It has emerged that two separate complaints were made to the Order of Malta regarding alleged sexual assault by volunteer Scott Browne before he went on to abuse two 15-year-olds in 2018.
Scott Browne, who was 27 when the abuse occurred, was jailed for nine and a half years in 2020 for his assaults on the young boys.
He used the pain-relief drug propofol to render his victims unconscious in order to carry out the attack. This anaesthetic had been stolen from the Order of Malta. Another volunteer, Jordan Murphy, received a 5-and-a-half-year sentence for aiding and abetting Browne.
The Irish Times reported that internal correspondence revealed a complaint had been made just six months prior to his assault on the two 15-year-olds.
This complaint alleged that Browne had sexually assaulted an unconscious 18-year-old volunteer in late 2017 also using medication intended for first aid.
This assault is one of several incidents involving Browne which are being investigated by the Gardai. In 2015, an 18-year-old volunteer complained that Browne had orally raped him on a trip to Lourdes.
The complainant was subsequently told there had been an internal investigation but no action would be taken. Scott Browne is not the only one who allegedly abused his position of power in this way, another female adult volunteer has been accused of pursuing a sexual relationship with a 17-year-old within the organisation.
Discussing the 2017 assault in internal emails, John Wright, the national director of the Order of Malta Ambulance Corps, recognised it was a serious allegation and recommended it be reported to the Gardai.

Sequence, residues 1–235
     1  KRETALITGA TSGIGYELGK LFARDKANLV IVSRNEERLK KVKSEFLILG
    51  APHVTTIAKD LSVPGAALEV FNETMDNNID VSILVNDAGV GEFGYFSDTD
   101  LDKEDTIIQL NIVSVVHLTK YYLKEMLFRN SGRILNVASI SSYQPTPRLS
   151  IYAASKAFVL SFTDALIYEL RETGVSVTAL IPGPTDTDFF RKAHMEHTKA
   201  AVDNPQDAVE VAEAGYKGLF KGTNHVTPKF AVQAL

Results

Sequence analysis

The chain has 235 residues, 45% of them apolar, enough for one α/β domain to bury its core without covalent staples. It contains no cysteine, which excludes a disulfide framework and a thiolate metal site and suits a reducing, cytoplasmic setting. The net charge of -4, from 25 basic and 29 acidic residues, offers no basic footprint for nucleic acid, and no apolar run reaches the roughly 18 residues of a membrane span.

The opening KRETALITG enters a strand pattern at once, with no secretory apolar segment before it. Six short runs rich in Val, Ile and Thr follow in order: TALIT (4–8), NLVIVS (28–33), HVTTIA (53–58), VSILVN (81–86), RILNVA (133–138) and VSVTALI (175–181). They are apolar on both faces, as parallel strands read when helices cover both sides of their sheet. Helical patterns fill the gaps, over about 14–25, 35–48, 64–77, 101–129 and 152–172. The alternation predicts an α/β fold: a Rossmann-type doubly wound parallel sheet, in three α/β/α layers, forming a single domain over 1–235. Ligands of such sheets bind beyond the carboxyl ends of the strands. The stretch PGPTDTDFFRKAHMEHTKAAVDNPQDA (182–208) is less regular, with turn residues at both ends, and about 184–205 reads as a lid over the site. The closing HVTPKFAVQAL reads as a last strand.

Mary McGinty, the child protection officer for the Order of Malta at the time, agreed, stating it had to be reported under child protection laws.
Assistant regional director Mark Lennon subsequently wrote an email stating that the members did not want to progress the complaint.
A number of senior officers were aware of the accusations and had also been informed by the volunteer who reported the disclosures that some teenagers were terrified to lodge formal complaints.
Scott Browne remained in the organisation until a Garda investigation was opened into the 2018 assaults, despite the 2015 and 2017 complaints.
An internal investigation, expected to examine how previous complaints had been handled, has been launched within the organisation.
It will be carried out by retired assistant Garda commissioner Fintan Fanning, chief executive John Byrne, and his predecessor Peader Ward. The organisation has refused to comment due to the ongoing investigation.